Ron Goldman's father and sister are defending their decision to publish O.J. Simpson's infamous "If I Did It" book, saying the book had to be published for legal reasons, and doing so gives them the first victory in the 11 years since a civil jury found the former NFL star-turned-actor liable for the murder of Goldman and Simpson's ex-wife.
“We’ve been fighting him for 11 years after we received our civil verdict, and this is the first time we’ve come close to taking something away from him,” Kim Goldman told TODAY co-host Meredith Vieira during an interview Friday. “He’s insulated himself with our system, with his attorneys, and this is the first time that we actually prevailed.”
The Goldmans had been vehemently opposed to publication of the book last year when Simpson sold it for an advance of nearly $700,000 to Regan Books, an imprint of HarperCollins. At the time, Fred Goldman, Ron Goldman's father, had said, “The fact that someone is willing to publish this garbage ... is just morally despicable to me.”
When public outrage forced Regan to cancel publication of the book, the Goldmans won a lawsuit to acquire the manuscript.
“In the beginning, our feeling, perhaps like a lot of folks, was that, one, we didn’t want him to profit by it and two, we didn’t know what the content of the book was,” Fred Goldman said. “We were concerned it’s a manual for murder. We’ve learned two things since then. One, he had profited substantially — $680,000 approximately of his actual piece of it — and we have read it and it is not by any stretch a manual on how to commit murder. There’s more violence on TV, more violence on the Internet than exists here.”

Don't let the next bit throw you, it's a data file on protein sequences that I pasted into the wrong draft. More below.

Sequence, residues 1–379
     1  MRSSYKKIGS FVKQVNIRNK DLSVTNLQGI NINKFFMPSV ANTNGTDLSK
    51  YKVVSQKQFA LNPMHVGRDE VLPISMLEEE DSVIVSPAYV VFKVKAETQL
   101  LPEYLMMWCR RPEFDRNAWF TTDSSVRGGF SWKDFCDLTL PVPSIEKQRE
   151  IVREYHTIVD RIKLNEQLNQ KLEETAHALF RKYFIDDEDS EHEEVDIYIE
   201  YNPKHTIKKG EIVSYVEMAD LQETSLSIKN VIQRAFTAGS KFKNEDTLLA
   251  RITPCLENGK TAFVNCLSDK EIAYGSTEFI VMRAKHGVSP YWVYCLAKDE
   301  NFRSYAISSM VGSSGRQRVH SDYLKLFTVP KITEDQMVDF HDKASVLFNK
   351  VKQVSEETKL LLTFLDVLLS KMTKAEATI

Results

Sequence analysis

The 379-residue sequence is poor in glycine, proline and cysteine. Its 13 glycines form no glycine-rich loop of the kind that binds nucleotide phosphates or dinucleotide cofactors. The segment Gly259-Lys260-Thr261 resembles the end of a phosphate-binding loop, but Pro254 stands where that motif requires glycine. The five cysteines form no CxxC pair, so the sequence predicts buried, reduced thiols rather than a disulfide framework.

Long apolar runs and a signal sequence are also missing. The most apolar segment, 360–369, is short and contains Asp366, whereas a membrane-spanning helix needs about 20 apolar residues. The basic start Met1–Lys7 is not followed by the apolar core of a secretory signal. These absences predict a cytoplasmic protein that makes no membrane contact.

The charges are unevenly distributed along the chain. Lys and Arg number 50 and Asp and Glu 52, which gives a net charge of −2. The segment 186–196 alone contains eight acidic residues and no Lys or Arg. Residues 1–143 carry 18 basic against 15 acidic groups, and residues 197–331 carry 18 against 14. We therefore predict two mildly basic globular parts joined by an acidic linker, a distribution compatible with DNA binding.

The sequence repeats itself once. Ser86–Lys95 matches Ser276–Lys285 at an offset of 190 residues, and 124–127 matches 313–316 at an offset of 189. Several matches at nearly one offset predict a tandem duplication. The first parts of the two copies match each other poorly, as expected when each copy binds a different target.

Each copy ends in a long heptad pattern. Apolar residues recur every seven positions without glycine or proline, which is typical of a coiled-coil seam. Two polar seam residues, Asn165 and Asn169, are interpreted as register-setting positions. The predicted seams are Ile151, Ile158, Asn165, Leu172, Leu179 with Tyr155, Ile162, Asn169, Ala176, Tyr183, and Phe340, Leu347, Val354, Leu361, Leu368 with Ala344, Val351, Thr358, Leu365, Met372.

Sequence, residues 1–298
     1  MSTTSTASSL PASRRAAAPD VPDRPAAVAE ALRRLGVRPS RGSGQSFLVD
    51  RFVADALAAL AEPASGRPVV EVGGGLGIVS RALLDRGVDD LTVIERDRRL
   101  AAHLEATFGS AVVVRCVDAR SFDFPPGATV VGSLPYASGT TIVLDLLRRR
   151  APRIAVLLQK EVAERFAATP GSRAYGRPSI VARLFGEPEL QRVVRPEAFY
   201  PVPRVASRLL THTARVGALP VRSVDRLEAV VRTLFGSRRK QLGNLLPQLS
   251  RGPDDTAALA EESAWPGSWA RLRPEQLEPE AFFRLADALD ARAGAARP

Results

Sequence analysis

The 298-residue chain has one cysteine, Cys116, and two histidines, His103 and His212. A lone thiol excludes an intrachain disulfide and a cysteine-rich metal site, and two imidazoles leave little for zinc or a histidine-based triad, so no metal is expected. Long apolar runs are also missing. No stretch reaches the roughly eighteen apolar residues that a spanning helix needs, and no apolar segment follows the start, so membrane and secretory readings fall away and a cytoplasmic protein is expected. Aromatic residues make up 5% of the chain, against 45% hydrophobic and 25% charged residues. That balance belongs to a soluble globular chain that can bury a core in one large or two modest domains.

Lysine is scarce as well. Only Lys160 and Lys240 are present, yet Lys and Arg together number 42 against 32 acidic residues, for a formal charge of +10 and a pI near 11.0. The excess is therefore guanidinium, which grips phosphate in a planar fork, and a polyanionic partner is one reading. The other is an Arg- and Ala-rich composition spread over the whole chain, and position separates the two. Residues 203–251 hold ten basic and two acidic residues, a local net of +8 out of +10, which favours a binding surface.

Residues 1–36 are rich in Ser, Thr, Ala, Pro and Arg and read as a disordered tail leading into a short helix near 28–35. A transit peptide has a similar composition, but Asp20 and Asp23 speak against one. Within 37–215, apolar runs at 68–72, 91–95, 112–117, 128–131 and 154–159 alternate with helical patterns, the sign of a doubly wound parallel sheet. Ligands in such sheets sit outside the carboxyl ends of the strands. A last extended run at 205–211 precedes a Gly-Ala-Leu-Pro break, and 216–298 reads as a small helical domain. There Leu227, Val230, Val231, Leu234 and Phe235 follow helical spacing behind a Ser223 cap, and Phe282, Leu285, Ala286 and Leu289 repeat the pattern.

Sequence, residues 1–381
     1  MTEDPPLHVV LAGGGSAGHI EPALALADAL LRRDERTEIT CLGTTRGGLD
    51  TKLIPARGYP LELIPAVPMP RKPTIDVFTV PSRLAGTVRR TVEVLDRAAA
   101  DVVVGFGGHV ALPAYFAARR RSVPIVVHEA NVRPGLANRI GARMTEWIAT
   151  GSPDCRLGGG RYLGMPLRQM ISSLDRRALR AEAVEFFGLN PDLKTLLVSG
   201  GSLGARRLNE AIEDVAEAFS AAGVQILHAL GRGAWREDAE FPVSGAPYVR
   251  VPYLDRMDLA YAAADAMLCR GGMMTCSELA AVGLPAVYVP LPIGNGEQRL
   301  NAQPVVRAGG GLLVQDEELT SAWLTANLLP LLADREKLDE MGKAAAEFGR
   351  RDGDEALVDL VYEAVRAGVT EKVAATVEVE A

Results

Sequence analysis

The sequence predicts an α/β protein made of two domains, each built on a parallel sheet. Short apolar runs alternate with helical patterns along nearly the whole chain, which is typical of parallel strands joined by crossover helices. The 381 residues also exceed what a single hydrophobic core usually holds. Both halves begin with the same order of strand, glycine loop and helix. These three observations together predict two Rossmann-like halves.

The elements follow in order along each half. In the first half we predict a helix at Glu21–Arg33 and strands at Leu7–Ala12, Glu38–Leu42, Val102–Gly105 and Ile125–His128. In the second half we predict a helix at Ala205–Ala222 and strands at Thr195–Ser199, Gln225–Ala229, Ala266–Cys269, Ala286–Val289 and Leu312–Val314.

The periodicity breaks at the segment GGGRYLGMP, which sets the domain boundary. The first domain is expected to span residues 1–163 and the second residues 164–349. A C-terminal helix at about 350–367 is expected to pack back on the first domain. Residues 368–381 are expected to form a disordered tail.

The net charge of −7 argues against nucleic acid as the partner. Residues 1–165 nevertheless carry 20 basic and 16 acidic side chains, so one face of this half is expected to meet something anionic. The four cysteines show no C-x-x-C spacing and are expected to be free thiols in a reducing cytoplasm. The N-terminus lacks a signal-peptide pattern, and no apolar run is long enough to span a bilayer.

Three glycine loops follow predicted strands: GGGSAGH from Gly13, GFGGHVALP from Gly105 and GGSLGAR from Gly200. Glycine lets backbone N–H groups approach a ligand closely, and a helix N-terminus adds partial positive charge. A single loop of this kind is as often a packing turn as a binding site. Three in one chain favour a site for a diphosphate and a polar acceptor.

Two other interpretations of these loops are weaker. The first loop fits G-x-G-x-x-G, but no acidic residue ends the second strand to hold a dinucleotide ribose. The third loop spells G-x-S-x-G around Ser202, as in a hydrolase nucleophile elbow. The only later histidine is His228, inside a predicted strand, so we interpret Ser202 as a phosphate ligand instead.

Just as importantly, Goldman said, Simpson implicates himself, in a sense, by describing the attacks — albeit in hypotheticals.
“We view it as close to an admission, a confession, as is humanly possible, in his words,” Fred Goldman said.
Brown family upset
The Goldmans' decision to publish the book has caused a rift between them and the family of Nicole Brown Simpson.
In August, Denise Brown, Nicole’s sister, appeared on TODAY to talk about the rift and to urge people to boycott the book.
From the time of the murders 13 years ago, she said the Browns and the Goldmans had presented a united front. But when the Goldmans decided to publish the book themselves, she felt outraged and betrayed.
“It’s the Goldmans who have changed their tune,” Brown had said. “It’s all about money. How much money is it going to take to make you guys happy? It’s not going to bring Nicole back.”
“It’s very sad,” Fred Goldman said of the rift in his and Kim’s relationship with Brown.
“Our focus for 13 years has been against the killer. Our focus for the past 11 years has been pursuing the killer for some measure of justice. I wish Denise’s anger could be focused on the man who butchered her sister and murdered Ron,” Fred Goldman said. “He wrote this book. He created this.”
Simpson was accused in June of 1994 of the brutal murders but was acquitted in one of the most highly publicized trials of the 20th century. A year after his acquittal, the Goldmans won their civil suit and a $33-million judgment.
But Simpson moved from California to Florida, where his home could not be seized as an asset, and protected his NFL pension and other income. The Goldmans have never received any money from him. Denise Brown was not part of that lawsuit.
Denise Brown had also said in her August appearance on TODAY that publishing the book would force Sydney and Justin to relive the horrible death of their mother.
“Back in March of 2006, the family sat down — the kids and the killer sat down — and they talked about this book and they all agreed to do this,” Fred Goldman told Vieira. “He wrote this about the mother of his children. It’s just ridiculous. He put us here.”